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What is the Wash?

Bird Census

The Las Vegas Wash offers a refuge of riparian and wetland habitat in the arid Mojave Desert. These habitat types are critical to many bird species at some point or another in their life cycle.

Studies conducted in the early 1970s identified more than 200 species of birds along the Wash. But in the decades since, erosion caused dramatic changes to the Wash. Wetlands that once covered more than 2,000 acres were reduced to less than 200, and riparian areas became infested with the invasive salt cedar (also known as tamarisk).

The Las Vegas Wash Coordination Committee's (LVWCC) efforts to stabilize the Wash channel, clear invasive plant species, and revegetate hundreds of acres with native wetland, riparian, and upland plants should have a positive impact on the avian community in the Wash.

From November 2000 through October 2006, the LVWCC conducted a bird census with volunteers from the Red Rock Audubon Society (RRAS) to collect baseline data to monitor the effects of Wash improvements on the bird population. The goals of the census were to inventory the bird species found in the Wash, record the use of the area by birds prior to, during and after weir construction, and compare bird species present in revegetated habitat with those present before the area was revegetated.

Redwinged Blackbird. Photo by: Dick Barrett.
Redwinged Blackbird Photo by: Dick Barrett

To conduct the census, RRAS birders walked through the site on a pre-established path for approximately two to three hours, identifying all birds seen and/or heard. Wash Team staff accompanied the birders and recorded their observations. For the first year, the bird census was conducted biweekly at two sites, the future site of the Bostick Weir and the future site of the Sunrise Mountain Outfall Weir. At the end of the first year, the census was discontinued at the Sunrise site and census frequency was reduced to a monthly basis. The decision was made to continue the census at the Bostick site because weir construction had been postponed until September 2002, allowing two years of pre-construction data to be collected. Following the weir's completion in August 2003, censuses were conducted several times a year.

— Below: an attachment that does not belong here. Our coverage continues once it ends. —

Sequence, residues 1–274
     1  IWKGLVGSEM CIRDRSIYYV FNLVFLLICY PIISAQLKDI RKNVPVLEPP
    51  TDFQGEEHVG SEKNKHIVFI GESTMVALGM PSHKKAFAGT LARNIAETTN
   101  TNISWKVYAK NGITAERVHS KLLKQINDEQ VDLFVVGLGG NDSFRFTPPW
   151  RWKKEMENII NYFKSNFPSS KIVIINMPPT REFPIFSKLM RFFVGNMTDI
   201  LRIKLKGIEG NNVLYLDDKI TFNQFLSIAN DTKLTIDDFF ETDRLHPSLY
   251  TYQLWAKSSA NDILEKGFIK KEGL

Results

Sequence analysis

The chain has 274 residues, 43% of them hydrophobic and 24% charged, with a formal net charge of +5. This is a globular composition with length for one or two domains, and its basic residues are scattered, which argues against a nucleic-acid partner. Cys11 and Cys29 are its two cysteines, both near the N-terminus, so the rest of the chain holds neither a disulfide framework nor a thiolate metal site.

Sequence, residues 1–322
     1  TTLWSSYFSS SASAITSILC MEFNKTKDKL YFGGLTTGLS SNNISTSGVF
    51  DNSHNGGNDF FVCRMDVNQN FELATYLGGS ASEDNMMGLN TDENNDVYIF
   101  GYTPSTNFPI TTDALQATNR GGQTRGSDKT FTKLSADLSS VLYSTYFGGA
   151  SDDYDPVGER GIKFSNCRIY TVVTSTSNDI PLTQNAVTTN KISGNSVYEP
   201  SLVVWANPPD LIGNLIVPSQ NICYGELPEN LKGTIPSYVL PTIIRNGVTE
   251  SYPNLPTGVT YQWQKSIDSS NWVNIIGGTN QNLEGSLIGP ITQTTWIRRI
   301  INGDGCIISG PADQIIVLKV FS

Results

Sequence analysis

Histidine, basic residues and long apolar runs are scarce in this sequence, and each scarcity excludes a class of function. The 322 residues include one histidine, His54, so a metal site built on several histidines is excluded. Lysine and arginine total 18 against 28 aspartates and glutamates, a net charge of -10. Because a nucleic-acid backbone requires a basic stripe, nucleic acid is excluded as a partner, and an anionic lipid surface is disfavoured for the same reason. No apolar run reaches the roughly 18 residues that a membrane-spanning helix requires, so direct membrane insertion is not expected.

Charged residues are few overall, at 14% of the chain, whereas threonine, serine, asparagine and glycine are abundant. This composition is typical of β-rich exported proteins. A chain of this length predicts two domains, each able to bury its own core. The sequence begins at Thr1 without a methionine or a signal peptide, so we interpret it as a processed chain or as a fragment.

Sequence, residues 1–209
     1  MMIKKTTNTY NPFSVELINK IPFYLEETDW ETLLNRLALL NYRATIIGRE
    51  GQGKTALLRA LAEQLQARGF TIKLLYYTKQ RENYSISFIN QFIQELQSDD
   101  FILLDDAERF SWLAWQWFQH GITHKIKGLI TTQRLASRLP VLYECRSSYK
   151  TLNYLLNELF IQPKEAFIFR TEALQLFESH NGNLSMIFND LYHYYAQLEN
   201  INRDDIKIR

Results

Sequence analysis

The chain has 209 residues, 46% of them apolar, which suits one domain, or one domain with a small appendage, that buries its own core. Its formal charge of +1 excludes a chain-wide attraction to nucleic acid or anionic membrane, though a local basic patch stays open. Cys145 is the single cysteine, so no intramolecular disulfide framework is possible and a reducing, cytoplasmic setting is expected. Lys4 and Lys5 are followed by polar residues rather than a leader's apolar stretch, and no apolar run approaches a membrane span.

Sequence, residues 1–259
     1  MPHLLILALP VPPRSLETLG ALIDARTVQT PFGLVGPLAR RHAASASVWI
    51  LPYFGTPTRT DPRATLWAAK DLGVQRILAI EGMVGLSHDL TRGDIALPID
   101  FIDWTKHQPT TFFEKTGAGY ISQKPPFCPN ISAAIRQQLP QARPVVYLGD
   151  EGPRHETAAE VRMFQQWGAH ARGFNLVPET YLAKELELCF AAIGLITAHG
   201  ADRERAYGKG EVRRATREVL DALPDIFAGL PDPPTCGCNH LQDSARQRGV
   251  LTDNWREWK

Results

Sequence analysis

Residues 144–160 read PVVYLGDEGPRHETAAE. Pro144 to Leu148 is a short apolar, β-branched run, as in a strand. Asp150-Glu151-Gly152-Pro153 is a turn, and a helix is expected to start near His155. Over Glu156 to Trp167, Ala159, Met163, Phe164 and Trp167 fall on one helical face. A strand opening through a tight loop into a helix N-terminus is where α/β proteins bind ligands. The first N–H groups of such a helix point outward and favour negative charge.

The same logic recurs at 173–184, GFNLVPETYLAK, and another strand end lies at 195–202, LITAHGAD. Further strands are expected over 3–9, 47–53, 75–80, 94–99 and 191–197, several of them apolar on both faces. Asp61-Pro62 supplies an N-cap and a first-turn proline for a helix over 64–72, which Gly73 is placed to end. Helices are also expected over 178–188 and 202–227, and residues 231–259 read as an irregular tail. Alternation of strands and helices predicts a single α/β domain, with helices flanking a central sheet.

A total of 140 species from 46 families were recorded during the six-year study period. Resident species commonly seen on the census included double-crested cormorant, great blue heron, american coot, black phoebe, Abert's towhee, and song sparrow. Other birds, such as the marsh wren, black-tailed gnatcatcher, and verdin were infrequently seen, but often heard. Rare species including palm warbler, wood duck, golden-crowned kinglet, and northern saw-whet owl also made appearances.

Changes in species richness related to the construction of Bostick Weir were recorded over the course of the study. Construction of the weir began in September 2002 and was completed in July 2003. By the time the weir was finished, the census site had changed from a narrow, tamarisk-bordered channel to a bare expanse of earth undergoing heavy construction and finally to a large, shallow open body of water. When construction activity was at its peak, species richness decreased. Disregarding flyovers (birds that flew over but did not land in the site), species identified per census visit decreased from an average of approximately 21 species over the same period during the previous year to an average of approximately 17 species.

After the weir was complete and the impoundment (a large pond) behind it was created, species identified per census rose again and an average of approximately 29 species were identified per visit. Waterbirds appeared that had not been observed at the site previously, such as western, Clark's, and eared grebes. The number of winter waterfowl and other waterbirds detected also increased significantly, with dozens of gadwall, mallard, American coot, and other species counted in the weir’s impoundment and on the weir itself during the winter months. Raptors also took advantage of the pond. Osprey, northern harrier, red-tailed hawk, and prairie and peregrine falcon were observed hunting for their next meal in the impoundment.

The LVWCC extends it thanks to the dedicated RRAS volunteers who collectively contributed more than 500 hours to this project.

Reports for the Las Vegas Wash Bird Census can be found in the Wildlife section of the Document Library.

Las Vegas Wash Project Coordination Team • 100 City Parkway, Suite 700 • Las Vegas, NV 89106 • (702) 822-3300